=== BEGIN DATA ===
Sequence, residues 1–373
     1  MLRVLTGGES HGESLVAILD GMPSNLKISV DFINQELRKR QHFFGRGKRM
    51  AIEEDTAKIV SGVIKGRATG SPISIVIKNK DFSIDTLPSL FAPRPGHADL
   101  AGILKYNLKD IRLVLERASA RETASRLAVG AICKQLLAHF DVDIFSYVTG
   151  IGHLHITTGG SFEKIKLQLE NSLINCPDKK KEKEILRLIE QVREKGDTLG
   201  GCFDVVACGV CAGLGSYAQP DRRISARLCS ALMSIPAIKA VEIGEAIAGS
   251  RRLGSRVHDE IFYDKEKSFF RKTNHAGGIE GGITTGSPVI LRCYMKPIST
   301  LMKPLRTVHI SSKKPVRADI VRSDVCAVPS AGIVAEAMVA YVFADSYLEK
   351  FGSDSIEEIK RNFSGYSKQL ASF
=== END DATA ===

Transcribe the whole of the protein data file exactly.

Sequence, residues 1–373
     1  MLRVLTGGES HGESLVAILD GMPSNLKISV DFINQELRKR QHFFGRGKRM
    51  AIEEDTAKIV SGVIKGRATG SPISIVIKNK DFSIDTLPSL FAPRPGHADL
   101  AGILKYNLKD IRLVLERASA RETASRLAVG AICKQLLAHF DVDIFSYVTG
   151  IGHLHITTGG SFEKIKLQLE NSLINCPDKK KEKEILRLIE QVREKGDTLG
   201  GCFDVVACGV CAGLGSYAQP DRRISARLCS ALMSIPAIKA VEIGEAIAGS
   251  RRLGSRVHDE IFYDKEKSFF RKTNHAGGIE GGITTGSPVI LRCYMKPIST
   301  LMKPLRTVHI SSKKPVRADI VRSDVCAVPS AGIVAEAMVA YVFADSYLEK
   351  FGSDSIEEIK RNFSGYSKQL ASF